In the data layer, we use a unified data processor to access data, clean data, and extract features.
We connect data APIs of different platforms and unify them using a FinRL-Meta data processor. Users can access data from various sources given the start date, end date, stock list, time interval, and kwargs.
Raw data retrieved from different data sources are usually of various formats and have erroneous or NaN data (missing data) to different extents, making data cleaning highly time-consuming. In FinRL-Meta, we automate the data cleaning process.
The cleaning processes of NaN data are usually different for various time frequencies. For Low-frequency data, except few stocks with extremely low liquidity, the few NaN values usually mean suspension during that time interval. While for high-frequency data, NaN values are pervasive, which usually means no transaction during that time interval. To reduce the simulation-to-reality gap considering of data efficiency, we provide different solutions for these two cases.
In the low-frequency case, we directly delete the rows with NaN values, reflecting suspension in simulated trading environments. However, it is not suitable to directly delete rows with NaN values in high-frequency cases.
In our test of downloading 1-min OHLCV data of DJIA 30 companies from Alpaca during 2021–01–01~2021–05–31, there were 39736 rows for the raw data. However, after dropping rows with NaN values, only 3361 rows are left.
The low data efficiency of the dropping method is unacceptable. Instead, we take an improved forward filling method. We fill the open, high, low, close columns with the last valid value of close price and the volume column with 0, which is a standard method in practice.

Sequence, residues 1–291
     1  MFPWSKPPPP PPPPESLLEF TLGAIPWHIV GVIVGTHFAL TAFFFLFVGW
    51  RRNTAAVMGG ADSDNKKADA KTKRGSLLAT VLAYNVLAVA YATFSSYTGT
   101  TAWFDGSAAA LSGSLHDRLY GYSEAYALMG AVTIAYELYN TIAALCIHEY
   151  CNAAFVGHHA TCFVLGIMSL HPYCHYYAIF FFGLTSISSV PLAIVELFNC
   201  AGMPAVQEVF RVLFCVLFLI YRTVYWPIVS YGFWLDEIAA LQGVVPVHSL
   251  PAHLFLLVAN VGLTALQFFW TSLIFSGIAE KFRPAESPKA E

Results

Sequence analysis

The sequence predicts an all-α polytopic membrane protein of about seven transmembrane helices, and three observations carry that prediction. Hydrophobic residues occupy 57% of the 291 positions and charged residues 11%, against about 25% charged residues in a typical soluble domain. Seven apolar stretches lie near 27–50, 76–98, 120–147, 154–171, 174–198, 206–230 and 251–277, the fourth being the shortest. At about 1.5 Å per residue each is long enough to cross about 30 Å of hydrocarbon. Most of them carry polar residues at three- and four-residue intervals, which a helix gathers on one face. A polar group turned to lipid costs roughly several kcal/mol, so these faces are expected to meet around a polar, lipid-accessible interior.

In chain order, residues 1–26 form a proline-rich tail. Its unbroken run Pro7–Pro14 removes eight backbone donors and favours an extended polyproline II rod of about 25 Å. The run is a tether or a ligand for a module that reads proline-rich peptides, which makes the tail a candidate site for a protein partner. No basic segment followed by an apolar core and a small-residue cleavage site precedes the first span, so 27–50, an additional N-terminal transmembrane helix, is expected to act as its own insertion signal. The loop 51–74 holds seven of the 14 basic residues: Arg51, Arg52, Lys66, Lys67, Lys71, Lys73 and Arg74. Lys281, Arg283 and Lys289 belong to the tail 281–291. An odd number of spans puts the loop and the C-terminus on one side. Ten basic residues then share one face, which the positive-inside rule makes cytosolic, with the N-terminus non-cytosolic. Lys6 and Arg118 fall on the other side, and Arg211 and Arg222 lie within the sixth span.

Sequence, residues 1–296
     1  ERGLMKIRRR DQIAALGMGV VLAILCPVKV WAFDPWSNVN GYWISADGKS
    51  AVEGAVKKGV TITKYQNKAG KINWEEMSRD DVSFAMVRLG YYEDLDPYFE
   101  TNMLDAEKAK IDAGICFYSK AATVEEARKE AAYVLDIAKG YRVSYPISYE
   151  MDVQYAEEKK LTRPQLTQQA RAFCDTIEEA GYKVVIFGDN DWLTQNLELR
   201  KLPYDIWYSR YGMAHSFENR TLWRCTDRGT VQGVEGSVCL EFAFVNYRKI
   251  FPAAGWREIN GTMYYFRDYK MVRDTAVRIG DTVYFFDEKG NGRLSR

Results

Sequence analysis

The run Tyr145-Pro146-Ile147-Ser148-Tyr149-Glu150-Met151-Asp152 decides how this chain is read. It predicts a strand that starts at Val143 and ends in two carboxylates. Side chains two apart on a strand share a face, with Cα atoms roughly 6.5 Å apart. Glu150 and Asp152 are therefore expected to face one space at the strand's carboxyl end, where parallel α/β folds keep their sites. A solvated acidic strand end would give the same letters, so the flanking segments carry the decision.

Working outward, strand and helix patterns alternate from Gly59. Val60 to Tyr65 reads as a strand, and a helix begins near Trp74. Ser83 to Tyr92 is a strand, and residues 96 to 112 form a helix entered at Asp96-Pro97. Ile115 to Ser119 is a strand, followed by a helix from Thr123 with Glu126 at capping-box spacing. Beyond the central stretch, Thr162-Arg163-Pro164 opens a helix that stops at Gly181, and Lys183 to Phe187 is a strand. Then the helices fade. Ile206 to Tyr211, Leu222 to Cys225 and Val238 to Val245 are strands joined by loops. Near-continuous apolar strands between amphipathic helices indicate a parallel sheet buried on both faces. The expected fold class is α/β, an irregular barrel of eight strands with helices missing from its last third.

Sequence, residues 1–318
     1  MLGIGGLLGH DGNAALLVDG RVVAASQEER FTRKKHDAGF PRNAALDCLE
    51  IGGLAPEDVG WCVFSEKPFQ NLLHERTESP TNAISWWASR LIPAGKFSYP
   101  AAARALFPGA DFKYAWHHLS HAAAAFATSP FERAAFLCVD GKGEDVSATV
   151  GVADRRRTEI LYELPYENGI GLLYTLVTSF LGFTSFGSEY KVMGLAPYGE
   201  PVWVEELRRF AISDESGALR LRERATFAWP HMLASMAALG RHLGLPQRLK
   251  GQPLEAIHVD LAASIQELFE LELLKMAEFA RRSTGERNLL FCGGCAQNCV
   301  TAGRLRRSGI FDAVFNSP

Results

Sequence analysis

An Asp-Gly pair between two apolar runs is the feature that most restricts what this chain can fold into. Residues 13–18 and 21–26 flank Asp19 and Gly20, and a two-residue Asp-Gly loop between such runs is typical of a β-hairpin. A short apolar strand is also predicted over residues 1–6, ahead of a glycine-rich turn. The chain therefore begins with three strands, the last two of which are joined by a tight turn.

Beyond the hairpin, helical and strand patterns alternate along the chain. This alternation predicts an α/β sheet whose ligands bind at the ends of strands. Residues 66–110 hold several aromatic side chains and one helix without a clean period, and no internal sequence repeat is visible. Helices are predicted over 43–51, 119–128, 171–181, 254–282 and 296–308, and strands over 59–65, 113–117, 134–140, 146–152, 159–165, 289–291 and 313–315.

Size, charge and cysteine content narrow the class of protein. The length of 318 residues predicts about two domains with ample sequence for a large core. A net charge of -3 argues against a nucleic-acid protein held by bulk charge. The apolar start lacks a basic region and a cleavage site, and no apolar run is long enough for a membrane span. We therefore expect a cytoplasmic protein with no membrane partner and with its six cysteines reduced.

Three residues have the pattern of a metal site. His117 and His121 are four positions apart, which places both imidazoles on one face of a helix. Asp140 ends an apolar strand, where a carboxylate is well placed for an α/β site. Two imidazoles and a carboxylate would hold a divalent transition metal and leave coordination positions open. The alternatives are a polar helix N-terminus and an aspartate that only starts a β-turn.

Although this filling method sacrifices the authenticity of the simulated environments, it is acceptable compared to significantly improved data efficiency, especially under tickers with high liquidity. Moreover, this filling method can be further improved using bid, ask prices to reduce the simulation-to-reality gap.
Feature engineering is the last part of the data layer. We automate the calculation of technical indicators by connecting the Stockstats or TAlib library in our data processor. Common technical indicators including Moving Average Convergence Divergence (MACD), Relative Strength Index (RSI), Average Directional Index (ADX), and Commodity Channel Index (CCI), and so on, are supported. Users can also quickly add indicators from other libraries, or add the user-defined features directly.
Users can add their features by two ways: 1) Write user-defined feature extraction functions directly. The returned features will be added to a feature array. 2) Store the features in a file, and move it to a specified folder. Then, these features will be obtained by reading from the specified file.